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Special Report | The War on Thanksgiving, November 26, 2014

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Think Progress

 

  • Thanksgiving is slowly becoming just another shopping day as many major retailers are planing to open then.
  • Big Retailers Make Low-Paid Workers Into Exploited Turkeys on Thanksgiving.

Compiled by David Culver, Ed., Evergreene Digest

 

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Part 1: Opening stores on Thanksgiving doesn't boost sales

Heather Long, CNN Money

November 26, 2014 | They justify opening on the famous American holiday because of competition. Others are doing it, so they have to as well or they'll lose out on sales.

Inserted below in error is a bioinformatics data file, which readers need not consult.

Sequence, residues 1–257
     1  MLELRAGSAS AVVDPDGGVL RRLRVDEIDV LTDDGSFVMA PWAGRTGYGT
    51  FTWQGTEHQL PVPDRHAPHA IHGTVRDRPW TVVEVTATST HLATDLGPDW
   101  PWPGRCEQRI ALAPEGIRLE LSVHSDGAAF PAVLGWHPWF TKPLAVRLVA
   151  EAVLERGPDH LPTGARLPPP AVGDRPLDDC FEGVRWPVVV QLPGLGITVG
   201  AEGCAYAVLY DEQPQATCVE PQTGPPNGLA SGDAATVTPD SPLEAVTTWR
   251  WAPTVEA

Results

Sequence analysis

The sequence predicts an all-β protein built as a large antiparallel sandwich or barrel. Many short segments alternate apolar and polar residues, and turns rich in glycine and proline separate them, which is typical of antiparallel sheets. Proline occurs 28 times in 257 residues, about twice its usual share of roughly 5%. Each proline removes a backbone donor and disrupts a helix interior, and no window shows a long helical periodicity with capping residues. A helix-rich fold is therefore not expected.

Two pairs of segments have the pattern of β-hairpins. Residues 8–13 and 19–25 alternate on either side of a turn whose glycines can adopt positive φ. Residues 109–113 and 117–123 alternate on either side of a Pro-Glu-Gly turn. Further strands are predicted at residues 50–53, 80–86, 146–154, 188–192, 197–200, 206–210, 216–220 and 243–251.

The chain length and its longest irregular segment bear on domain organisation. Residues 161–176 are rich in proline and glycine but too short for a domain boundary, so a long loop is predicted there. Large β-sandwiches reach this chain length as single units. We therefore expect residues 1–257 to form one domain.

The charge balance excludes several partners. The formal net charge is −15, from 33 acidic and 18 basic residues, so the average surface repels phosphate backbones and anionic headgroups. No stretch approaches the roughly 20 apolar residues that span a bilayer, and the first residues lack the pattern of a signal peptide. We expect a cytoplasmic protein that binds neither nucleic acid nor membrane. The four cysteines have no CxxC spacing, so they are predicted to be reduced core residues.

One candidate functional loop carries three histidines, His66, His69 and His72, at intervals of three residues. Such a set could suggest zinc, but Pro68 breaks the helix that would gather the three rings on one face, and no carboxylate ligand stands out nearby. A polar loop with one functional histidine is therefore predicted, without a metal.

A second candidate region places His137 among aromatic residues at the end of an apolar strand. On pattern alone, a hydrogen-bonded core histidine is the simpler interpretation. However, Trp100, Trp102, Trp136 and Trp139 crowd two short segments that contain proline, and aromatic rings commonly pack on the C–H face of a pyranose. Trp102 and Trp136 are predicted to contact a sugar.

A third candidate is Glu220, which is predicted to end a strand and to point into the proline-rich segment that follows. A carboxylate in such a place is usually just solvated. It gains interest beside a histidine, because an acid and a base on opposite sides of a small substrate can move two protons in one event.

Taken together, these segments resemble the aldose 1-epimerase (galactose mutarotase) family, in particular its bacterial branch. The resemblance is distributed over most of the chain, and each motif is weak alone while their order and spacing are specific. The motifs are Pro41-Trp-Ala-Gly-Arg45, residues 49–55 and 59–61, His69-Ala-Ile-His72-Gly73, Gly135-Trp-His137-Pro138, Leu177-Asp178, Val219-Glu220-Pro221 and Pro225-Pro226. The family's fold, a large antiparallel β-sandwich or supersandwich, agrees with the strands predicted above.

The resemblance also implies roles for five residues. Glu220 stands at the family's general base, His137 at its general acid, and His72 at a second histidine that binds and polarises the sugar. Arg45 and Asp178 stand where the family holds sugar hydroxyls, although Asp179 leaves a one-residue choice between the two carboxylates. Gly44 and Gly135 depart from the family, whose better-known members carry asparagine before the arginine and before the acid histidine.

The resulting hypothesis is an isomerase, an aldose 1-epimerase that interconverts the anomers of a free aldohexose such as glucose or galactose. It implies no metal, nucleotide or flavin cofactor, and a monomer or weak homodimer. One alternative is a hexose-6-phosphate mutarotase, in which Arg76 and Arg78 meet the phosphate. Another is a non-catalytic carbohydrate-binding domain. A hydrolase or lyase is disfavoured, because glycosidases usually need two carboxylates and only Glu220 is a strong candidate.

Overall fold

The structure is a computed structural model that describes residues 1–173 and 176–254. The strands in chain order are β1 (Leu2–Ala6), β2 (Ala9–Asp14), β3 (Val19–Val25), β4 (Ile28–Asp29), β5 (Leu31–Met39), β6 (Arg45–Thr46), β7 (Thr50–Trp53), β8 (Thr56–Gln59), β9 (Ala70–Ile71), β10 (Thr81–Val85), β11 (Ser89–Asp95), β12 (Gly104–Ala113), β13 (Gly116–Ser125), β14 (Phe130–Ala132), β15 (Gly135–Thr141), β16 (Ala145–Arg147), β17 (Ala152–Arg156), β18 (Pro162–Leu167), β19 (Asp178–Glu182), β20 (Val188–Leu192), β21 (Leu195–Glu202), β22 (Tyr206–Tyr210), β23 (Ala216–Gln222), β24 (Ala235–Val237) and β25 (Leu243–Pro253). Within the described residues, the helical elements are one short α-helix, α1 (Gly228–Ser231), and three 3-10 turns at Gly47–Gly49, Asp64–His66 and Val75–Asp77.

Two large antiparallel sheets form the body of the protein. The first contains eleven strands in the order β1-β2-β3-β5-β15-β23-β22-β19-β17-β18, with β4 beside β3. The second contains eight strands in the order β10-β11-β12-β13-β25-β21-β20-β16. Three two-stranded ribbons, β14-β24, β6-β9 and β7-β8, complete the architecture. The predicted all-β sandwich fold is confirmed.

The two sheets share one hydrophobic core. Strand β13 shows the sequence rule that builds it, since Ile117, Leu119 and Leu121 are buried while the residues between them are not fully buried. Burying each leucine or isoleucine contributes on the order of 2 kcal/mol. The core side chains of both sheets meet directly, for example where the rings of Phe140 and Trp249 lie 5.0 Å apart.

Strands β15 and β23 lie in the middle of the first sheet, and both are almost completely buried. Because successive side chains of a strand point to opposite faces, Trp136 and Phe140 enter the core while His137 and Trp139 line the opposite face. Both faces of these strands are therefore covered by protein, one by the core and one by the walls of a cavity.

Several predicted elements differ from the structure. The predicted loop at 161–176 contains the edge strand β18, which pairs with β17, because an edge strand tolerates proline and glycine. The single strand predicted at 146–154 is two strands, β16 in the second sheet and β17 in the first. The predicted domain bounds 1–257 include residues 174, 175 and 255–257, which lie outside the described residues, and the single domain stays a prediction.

"It's absolutely appropriate that we open at 6 p.m. [on Thursday]," WalMart's U.S. CEO said in defense of the practice that has been criticized widely.

Yet opening on Thanksgiving does little to boost sales, according to the data from recent years. Instead, it merely shifts some shopping that would have been done on Black Friday to Thursday.

Heather Long is an editor at CNNMoney. She was formerly assistant editor for Comment is free US and opinions editor of the Patriot-News.

Full story … 



Part 2: Here Are the Stores That Won't be Open Thanksgiving Day

Here are some of the national chains that are choosing to stay closed this Thanksgiving.

Susanna Kim, ABC News

Getty Images

November 25, 2014 | While some stores are beating each other to the punch to open their doors as early as possible on Thanksgiving, others are encouraging their workers to enjoy turkey at home.

Stores like Costco and Nordstrom are choosing to stay closed on Thanksgiving, while companies like Kmart will open at 6 a.m. that day.

Here are some of the national chains that are choosing to stay closed this Thanksgiving.

Full story … 

Related: